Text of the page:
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— John Wilcock ... Marijuana, the symbolic center of the underground society
— John Wilcock ... From the Archives: Cuba Diary—Havana, April 2011
— John Wilcock ... Manhattan Memories: Chapter Nineteen (continued)--Travels
— John Wilcock ... From the Archives: When you vote, don’t forget the Republican Paradox
— John Wilcock ... Manhattan Memories: Chapter Eighteen--The Quest for Magic: Around Europe by VW bus;
Regarding armchair travelers;
Pisa's Leaning Tower;
The magical Alhambra
— John Wilcock ... Manhattan Memories: Chapter Seventeen (continued)--London's Magical library;
In the Cannes
— John Wilcock ... Manhattan Memories: Chapter Seventeen--The Sorcerer's Apprentice
— John Wilcock ... Manhattan Memories: Chapter Sixteen--JW'S Secret Diary (continued)
— John Wilcock ... Manhattan Memories: Chapter Sixteen--JW'S Secret Diary
— John Wilcock ... Manhattan Memories: Chapter Fourteen (Part Two--Manhattan phone book, JW'S Secret Diary
— John Wilcock ... Manhattan Memories: Chapter Fourteen--Party Circuit
— John Wilcock ... Manhattan Memories: Chapter Thirteen--Figaro Diary, part two, Soho Saturday
— John Wilcock ... Manhattan Memories: Chapter Thirteen--Figaro Diary, part one, Soho Saturday
— John Wilcock ... Manhattan Memories: Chapter Twelve (continued)--Traveling with Nomad; SoHo Confidential
— John-Wilcock ... Manhattan Memories: Chapter Chapter Nine (continued)--Rip Torn on stardom… Robert Mitchum's gift; London: Julian Beck’s critique; Emmett Grogan and the Diggers; Greece: The Junta, Charlotte Rampling, and art hero Daniel Spoerri
— John-Wilcock ... Manhattan Memories: Chapter Chapter Nine--Bob Dylan in the Village, Abbie Hoffman and Jerry Rubin, Richard Neville and OZ, What Does London Need Most?, The International Times
— John-Wilcock ... Manhattan Memories: Chapter Eight (continued)--Japan: a working honeymoon;
The Shinjuku Sutra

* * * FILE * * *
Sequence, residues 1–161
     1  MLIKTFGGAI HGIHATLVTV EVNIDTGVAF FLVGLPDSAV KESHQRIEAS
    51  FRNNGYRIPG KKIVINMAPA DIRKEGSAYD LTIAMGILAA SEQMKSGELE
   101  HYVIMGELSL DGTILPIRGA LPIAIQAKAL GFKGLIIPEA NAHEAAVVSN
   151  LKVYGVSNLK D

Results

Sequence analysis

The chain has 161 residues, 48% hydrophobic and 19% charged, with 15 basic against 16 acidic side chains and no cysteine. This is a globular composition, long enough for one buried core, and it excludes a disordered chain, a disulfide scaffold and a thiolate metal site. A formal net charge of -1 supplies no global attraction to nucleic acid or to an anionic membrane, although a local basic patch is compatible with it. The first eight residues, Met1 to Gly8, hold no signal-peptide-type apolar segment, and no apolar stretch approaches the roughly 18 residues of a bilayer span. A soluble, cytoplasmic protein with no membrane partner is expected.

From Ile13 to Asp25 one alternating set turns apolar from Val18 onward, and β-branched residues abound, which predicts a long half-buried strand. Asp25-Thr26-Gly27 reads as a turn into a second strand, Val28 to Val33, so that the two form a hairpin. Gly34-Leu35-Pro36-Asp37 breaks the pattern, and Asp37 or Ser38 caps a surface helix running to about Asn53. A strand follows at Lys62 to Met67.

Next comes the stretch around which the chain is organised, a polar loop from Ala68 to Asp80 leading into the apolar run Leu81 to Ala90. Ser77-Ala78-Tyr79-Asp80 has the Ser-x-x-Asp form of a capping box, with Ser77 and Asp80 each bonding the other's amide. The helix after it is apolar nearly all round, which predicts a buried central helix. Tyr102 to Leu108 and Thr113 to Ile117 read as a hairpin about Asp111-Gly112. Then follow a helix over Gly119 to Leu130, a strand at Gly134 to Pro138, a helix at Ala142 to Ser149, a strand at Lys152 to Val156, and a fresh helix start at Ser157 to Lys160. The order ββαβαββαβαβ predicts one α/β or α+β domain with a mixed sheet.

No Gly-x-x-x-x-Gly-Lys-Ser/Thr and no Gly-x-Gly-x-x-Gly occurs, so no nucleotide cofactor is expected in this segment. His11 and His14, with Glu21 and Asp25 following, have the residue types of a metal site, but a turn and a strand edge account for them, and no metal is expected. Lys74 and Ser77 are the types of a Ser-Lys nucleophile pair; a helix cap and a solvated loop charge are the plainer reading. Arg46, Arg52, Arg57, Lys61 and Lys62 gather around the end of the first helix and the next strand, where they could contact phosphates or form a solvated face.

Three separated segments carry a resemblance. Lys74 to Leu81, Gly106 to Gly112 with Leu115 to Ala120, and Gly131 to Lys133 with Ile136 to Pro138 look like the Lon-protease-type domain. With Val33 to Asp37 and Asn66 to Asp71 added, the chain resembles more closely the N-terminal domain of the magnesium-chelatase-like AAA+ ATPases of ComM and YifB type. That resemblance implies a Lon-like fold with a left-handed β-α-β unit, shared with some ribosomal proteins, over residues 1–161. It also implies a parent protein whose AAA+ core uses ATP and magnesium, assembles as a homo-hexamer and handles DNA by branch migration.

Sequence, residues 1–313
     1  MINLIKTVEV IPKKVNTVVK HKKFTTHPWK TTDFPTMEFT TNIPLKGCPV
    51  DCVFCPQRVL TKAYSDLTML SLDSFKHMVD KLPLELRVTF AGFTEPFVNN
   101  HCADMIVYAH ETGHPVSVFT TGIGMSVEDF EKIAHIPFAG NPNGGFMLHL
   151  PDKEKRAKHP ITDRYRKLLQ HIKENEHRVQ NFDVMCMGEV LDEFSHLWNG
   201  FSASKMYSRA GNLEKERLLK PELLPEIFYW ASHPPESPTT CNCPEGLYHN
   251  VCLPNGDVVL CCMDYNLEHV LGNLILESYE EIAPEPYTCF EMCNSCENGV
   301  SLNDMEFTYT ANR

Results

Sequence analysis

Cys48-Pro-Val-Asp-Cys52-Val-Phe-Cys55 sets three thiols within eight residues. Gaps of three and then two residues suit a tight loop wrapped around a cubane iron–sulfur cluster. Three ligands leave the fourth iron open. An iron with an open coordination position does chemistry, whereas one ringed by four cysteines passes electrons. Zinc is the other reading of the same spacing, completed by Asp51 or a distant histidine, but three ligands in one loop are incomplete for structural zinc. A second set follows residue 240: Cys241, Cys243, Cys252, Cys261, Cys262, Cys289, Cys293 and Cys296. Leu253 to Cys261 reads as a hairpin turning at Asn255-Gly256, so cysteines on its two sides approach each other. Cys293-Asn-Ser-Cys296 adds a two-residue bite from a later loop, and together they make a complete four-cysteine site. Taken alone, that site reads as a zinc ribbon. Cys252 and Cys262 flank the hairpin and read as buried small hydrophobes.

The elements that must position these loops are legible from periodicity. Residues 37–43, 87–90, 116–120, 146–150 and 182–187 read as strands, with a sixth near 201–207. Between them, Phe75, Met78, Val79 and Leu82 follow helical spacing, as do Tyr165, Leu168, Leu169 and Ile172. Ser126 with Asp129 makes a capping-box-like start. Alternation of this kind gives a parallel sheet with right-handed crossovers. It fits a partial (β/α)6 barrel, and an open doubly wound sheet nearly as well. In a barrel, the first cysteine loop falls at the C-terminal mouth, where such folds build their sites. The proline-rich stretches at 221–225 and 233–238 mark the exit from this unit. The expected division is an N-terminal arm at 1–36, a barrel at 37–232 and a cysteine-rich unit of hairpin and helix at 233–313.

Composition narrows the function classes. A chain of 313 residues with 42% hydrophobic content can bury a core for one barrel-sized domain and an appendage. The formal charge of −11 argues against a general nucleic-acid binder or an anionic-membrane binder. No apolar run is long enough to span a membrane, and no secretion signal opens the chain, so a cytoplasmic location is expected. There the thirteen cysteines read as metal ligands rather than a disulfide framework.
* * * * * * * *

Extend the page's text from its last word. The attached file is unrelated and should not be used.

— John-Wilcock ... Manhattan Memories: Chapter Eight--Art Kunkin's LA Free Press; In LA with Hunter Thompson, Lenny Bruce; Visit by Warhol; Hakim Jamal plays god; The San Francisco 'Be-In'; Underground papers meet
— Manhattan Memories: Chapter Six (continued)--Tom Forcade: smuggler supreme; That pathetic drug czar
— Manhattan Memories: Chapter Six—The weed that changed the world--Confessions of a pot smoker
— Manhattan Memories: Chapter Four—Into the '60s--London's underground press; Jean-Jacques Lebel burns US flag; Everybody's friend: Jim Haynes; Lenny Bruce and the kitchen tapes
— Manhattan Memories: Chapter Three--The Village Voice (continued) --Lasting insignificance: the 3-dot column, ECHO and Larry Adler, Woody Allen plays classic nerd, A sample Village Square column
— Manhattan Memories: Chapter Two--Steve Allen derides TV columnist; Marlene Dietrich--glamorous grandmother
— Manhattan Memories: Chapter One--Chatting with Marilyn Monroe
— Manhattan Memories: Introduction.
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February 12, 2015
It was the first handwritten letter I'd received in 5 years. Or maybe 10. Signed by John Wilcock, a man I'd never heard of, and postmarked Ojai, Calif., it was waiting for me when I returned from my São Paulo-to-New York summer trip. Mr. Wilcock wrote that he had been an assistant editor at The Times Travel section back in the 1950s, and had written the first editions of “Mexico on $5 a Day,” “Greece on $5 a Day” and “Japan on $5 a Day” for Arthur Frommer in the 1960s.
By George, I thought. This man was the original Frugal Traveler.
Forty years ago the second of my three books about magic was published, A Guide to Occult Britain (Sidgwick & Jackson) covering a wide range of sites from Stonehenge to Loch Ness and King Arthur country to the witches of Pendle Hill. It is now available as an eBook on amazon.com.
"A GOOD WAY to describe John Wilcock is to say that he is a talented bohemian counter-culture journalist who once played a major role in the emergence of America’s underground press. Born 1927 in Sheffield, England, he left school aged 16 to work on various newspapers in England, and on Toronto periodicals before moving to New York City. There in 1955 he became one of the five founders of the Village Voice in which he and co-founder Norman Mailer wrote weekly columns. Wilcock called his column “The Village Square”, an intended pun. He and young Mailer were not quite friends, although Wilcock was at times annoyed, but always amused, by Mailer’s monstrous ego."
-From the preface of Manhattan Memories, by Martin Gardner